The thyroid is located at the front of the neck and is often described as a butterfly-shaped organ. It produces several hormones which act as driver and clock for our body. Thyroid hormones influence the body’s metabolism, growth and development as well as the body’s energy balance. Thus, if the hormone production of the thyroid is out of balance, it can impact and disrupt a wide range of processes in the body. Certain circumstances and conditions can lead to the development of lumps in the thyroid. Thyroid nodules are usually benign (noncancerous) tumors which develop from thyroid cells are very common in clinical practice.

Unrecognized and hidden thyroid nodules

In many cases, thyroid nodules are very small in size and are located some distance from sensitive structures like the trachea. In those cases, thyroid nodules are usually asymptomatic, and patients are unaware of their existence. Thus, only 4-7% of the US adult population have demonstrable lumps, whereas detectable lumps with ultrasound occur in more than 50% of the population above the age of 60. These nodules are typically diagnosed by chance when patients are examined with an imaging test for other medical reasons. However, as the vast majority of thyroid nodules are benign, these “hidden” lumps do not bear any considerable risk and are often left for observation rather than treatment even after discovery.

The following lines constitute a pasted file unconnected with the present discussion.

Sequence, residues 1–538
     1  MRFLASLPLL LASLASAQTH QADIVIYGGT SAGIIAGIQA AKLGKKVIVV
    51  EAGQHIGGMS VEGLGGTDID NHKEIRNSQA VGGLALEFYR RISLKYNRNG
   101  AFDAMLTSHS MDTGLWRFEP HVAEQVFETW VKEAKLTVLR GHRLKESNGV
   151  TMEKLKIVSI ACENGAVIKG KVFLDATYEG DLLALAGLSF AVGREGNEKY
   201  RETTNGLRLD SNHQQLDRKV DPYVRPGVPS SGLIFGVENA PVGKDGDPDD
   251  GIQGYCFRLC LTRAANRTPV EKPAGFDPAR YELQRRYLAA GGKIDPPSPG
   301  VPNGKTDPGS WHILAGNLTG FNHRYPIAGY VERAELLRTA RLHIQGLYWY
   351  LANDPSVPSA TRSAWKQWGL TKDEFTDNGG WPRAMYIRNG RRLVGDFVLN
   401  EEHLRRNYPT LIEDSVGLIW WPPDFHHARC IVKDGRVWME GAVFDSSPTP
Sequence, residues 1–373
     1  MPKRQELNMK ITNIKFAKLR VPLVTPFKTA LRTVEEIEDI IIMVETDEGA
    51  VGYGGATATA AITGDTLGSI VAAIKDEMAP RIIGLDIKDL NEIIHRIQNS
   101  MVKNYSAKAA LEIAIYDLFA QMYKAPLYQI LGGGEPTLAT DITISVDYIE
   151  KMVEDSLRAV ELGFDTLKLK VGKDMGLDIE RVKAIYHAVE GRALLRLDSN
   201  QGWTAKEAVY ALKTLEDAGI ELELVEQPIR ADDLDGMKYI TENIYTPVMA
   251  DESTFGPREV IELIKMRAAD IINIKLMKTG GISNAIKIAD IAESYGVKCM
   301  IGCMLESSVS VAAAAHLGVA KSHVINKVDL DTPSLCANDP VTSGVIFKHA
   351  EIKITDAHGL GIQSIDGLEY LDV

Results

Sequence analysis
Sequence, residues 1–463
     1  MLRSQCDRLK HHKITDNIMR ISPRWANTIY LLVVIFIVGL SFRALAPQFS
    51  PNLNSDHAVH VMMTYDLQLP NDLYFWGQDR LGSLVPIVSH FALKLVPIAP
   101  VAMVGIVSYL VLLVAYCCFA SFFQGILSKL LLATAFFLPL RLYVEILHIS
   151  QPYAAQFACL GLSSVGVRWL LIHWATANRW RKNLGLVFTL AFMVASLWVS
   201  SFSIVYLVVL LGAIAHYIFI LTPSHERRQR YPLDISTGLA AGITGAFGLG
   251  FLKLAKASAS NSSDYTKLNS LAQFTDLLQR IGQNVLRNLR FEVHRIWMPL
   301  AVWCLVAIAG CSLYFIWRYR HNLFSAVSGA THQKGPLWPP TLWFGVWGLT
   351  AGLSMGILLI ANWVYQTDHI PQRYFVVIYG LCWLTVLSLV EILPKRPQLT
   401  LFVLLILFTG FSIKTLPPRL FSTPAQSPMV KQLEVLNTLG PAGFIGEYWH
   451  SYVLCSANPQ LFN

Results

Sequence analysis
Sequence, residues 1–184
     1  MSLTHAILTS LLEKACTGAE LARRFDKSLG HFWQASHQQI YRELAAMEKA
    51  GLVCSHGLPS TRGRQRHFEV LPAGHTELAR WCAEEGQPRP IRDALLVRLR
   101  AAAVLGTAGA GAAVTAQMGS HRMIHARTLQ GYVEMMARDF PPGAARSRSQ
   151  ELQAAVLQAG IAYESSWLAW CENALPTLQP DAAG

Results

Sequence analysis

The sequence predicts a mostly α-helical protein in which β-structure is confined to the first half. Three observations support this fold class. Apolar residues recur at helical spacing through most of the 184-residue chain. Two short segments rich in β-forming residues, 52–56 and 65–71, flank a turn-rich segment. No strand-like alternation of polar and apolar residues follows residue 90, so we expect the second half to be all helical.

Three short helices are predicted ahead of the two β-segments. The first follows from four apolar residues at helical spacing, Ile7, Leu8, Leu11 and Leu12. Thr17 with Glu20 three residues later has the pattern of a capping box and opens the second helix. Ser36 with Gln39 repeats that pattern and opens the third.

Symptomatic thyroid nodules

When thyroid nodules become larger they can cause various symptoms and discomfort. Symptoms usually occur due to the lump exerting pressure on sensitive structures in the neck. These are felt as compression or pain, occasionally even difficulty with breathing or swallowing. These complications need to be taken seriously and consultation with a doctor to discuss treatment options are advised.

Moreover, hot nodules can lead to an overproduction of hormone and thereby cause hyperthyroidism. The excess amount of hormone can lead to significant disruption of the balance of metabolism. Symptoms are divers and include anxiety, restlessness, tremors, agitation, sweating, unusual weight loss and increased heart rate.
When hormone production reaches an extreme, the disease can become dangerous which is why any suspicion should be discussed with a physician. Especially, in older people excessive hormones can lead to irregular heart rhythms and even heart failure if left untreated.

How do thyroid nodules appear?

Thyroid nodules and cancer

The risk of a thyroid nodule being malignant is very low. Less than 5% of nodules turn out to be malignant. However, whenever a nodule is diagnosed it is standard procedure to carry out in-depth diagnosis in order to clearly classify whether the lump is malignant or not. Several diagnostic tools help physicians to assess the risk of a nodule and decide upon the best treatment regime. Nodules that have been identified as benign rarely change into cancerous structures. Nevertheless, it is common that physicians decide to observe diagnosed nodules and conduct occasional testing to rule out any chance of malignant disease.


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